Grants We Funded
Grant applicants for the 2022 cycle requested a total of over $2.9 million dollars. The PSF Study Section subcommittees of Basic & Translational Research and Clinical Research evaluated 115 grant applications on the following topics:
The PSF awarded research grants totaling almost $550,000 to support 19 plastic surgery research proposals.
ASPS/PSF leadership is committed to continuing to provide high levels of investigator-initiated research support to ensure that plastic surgeons have the needed research resources to be pioneers and innovators in advancing the practice of medicine.
Search The PSF database to have easy access to full-text grant abstracts from past PSF-funded research projects 2003 to present. All abstracts are the work of the Principal Investigators and were retrieved from their PSF grant applications. Several different filters may be applied to locate abstracts specific to a particular focus area or PSF funding mechanism.
Injectable Shape-Memorizing Scaffolds for Skin Sculpting
Christoph Nabzdyk MD
Brigham and Women's Hospital, Inc.
Pilot Research Grant
Hyaluronic acid fillers have been a major advance in plastic surgery but are limited by resorption,
degradation, lack of shape control and the need for re-injection. Collaborating with Dr. Mooney at Harvard
University, we will design a new class of injectable hyaluronic based cryogels with diameters of up to 1cm
that can reconstitute their original shape after injection through a needle. These gels can be designed with a
controlled biodegradation rate and a porous ultrastructure that promotes filler engraftment, which may
eliminate the need for reinjection.
Hyaluronic acid (HA) is an abundant component of the skin's extracellular matrix. HA fillers are widely used
for facial skin rejuvenation, scar elevation, skin contouring after liposuction and in breast reconstruction. HA
filler performance is influenced by HA concentration, particle size (average 300 – 700µm) and degree of HA
cross-linking. Fillers should elicit minimal inflammatory response and remain localized at the injection site.
Fillers are expected to provide a texture comparable to the surrounding tissue and long-lasting shape
retention ideally through gradual filler incorporation into the surrounding tissue. Thus far commercially
available HA products only provide temporary cosmetic improvements for up to several months. However,
long-term shape retention and large volume effects remain challenges.
Dr. Mooney and his group at the Wyss Institute, Harvard University recently described the technique to
generate injectable 3D shape-memorizing cryogel scaffolds made from alginate. These scaffolds reveal a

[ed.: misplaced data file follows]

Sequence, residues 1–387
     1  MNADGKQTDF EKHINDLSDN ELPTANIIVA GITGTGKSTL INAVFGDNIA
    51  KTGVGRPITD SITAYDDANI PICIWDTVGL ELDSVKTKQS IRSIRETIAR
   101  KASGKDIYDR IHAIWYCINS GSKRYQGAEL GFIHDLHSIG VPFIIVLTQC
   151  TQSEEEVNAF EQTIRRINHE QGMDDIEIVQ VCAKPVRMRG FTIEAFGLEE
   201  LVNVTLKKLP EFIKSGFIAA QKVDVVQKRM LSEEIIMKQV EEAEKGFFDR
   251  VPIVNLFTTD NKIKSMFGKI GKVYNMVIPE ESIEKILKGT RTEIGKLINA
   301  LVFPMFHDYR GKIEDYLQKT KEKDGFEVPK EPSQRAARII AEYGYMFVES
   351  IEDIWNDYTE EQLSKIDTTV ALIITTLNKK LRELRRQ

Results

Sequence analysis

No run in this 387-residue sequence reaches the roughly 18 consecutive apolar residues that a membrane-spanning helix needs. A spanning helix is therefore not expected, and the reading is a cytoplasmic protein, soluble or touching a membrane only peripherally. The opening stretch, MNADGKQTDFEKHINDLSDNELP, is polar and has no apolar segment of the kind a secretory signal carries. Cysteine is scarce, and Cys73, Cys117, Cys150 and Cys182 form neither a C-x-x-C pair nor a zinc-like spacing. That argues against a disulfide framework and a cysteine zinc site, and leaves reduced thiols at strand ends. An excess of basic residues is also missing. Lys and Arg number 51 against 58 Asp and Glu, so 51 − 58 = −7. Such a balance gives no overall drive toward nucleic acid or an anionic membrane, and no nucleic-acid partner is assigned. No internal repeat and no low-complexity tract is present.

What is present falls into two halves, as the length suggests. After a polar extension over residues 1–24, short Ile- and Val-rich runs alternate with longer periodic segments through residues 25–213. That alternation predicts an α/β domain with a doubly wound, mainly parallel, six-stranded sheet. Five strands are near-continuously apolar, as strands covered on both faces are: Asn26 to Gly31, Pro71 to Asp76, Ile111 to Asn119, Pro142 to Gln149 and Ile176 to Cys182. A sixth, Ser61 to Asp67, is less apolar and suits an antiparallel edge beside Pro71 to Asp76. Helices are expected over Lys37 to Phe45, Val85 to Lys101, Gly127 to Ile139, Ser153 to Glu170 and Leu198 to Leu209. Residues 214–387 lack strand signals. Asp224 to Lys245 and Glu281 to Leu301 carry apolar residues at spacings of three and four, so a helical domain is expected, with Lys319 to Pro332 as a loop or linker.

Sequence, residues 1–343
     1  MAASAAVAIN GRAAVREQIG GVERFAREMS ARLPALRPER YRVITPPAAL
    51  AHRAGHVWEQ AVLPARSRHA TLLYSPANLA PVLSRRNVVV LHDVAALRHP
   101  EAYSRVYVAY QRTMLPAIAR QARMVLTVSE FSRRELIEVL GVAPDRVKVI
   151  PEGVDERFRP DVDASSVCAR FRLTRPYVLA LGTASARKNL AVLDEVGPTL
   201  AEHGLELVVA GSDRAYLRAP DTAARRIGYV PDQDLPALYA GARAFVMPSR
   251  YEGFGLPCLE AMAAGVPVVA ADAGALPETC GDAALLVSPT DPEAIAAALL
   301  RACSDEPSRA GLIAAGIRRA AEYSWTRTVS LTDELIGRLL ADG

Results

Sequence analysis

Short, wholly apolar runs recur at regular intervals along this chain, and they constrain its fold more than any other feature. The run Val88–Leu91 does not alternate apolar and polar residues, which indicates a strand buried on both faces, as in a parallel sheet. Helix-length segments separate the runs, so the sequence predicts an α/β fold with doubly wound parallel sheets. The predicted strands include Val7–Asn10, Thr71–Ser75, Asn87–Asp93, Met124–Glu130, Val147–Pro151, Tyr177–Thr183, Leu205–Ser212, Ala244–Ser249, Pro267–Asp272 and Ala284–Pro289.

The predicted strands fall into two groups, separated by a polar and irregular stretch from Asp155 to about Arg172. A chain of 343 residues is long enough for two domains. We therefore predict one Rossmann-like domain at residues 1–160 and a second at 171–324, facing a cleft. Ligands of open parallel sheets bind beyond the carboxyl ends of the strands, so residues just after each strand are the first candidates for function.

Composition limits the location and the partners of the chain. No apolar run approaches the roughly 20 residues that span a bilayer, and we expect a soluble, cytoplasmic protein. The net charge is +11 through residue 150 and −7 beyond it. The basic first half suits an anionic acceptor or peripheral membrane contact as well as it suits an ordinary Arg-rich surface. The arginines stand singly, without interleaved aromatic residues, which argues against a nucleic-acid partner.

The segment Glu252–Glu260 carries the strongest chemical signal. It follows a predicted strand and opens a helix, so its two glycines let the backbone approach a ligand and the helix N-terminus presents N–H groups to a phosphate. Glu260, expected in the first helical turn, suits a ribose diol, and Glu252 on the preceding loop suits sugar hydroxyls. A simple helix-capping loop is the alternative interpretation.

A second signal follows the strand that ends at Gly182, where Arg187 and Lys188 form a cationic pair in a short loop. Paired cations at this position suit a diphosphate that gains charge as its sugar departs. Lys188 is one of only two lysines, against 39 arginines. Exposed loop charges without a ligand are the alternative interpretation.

soft gel texture, in vivo longevity and are designed to promote cellularization. This cryogels are highly
customizable and can be made from various polymers such as HA.
In this study we propose to evaluate 3D hyaluronic acid cryogels (3D HA) regarding their shape retention
capability, firmness and biocompatibility in a mouse model. Non-invasive in vivo imaging system technology
(IVIS) will render fluorescence imagery of implanted filler materials. Skin firmness measurements will be
performed with the use of a highly sensitive 00-000 Shure durometer. Immunohistochemistry will be carried
to characterize the tissue response towards the implanted materials.
These scaffolds can further be fine-tuned for specific applications to function as cell and drug delivery
devices and therefore might become useful for a broad range of cosmetic and reconstructive indications.
Dr. Nabzdyk is a physician scientist with over a decade of research experience in the fields of cardiovascular and wound healing biology, gene and cell therapies and biomaterials. Dr. Nabzdyk is currently a NIH T-32 Research Fellow in the tissue engineering and wound healing laboratory of Dr. Orgill at Brigham and Women’s Hospital, Harvard Medical School. Dr. Nabzdyk graduated from Charité University Medicine Berlin with his MD and an additional doctorate title (“Dr. med.”; magna cum laude) for studying the “Cardiac Plasticity of Human Adult Stem Cells of the Adipose Tissue” in the lab of Dr. Eckhard Alt at Tulane University. Dr. Nabzdyk gained further experience during medical school in cardiovascular genetics at the Max Planck Society and as a postdoc at UCSF and BIDMC/Harvard in the fields of RNAi, biomaterials, wound healing and intimal hyperplasia. Prior to working with Dr. Orgill, Dr. Nabzdyk trained in general surgery at Tufts Medical Center. Dr. Nabzdyk has worked successfully on various collaborative projects that yielded numerous manuscripts in prominent scientific journals and presentations at national and international conferences. Dr. Nabzdyk received the “Young Researcher Prize” at the 2011 European Symposium for Vascular Biomaterials.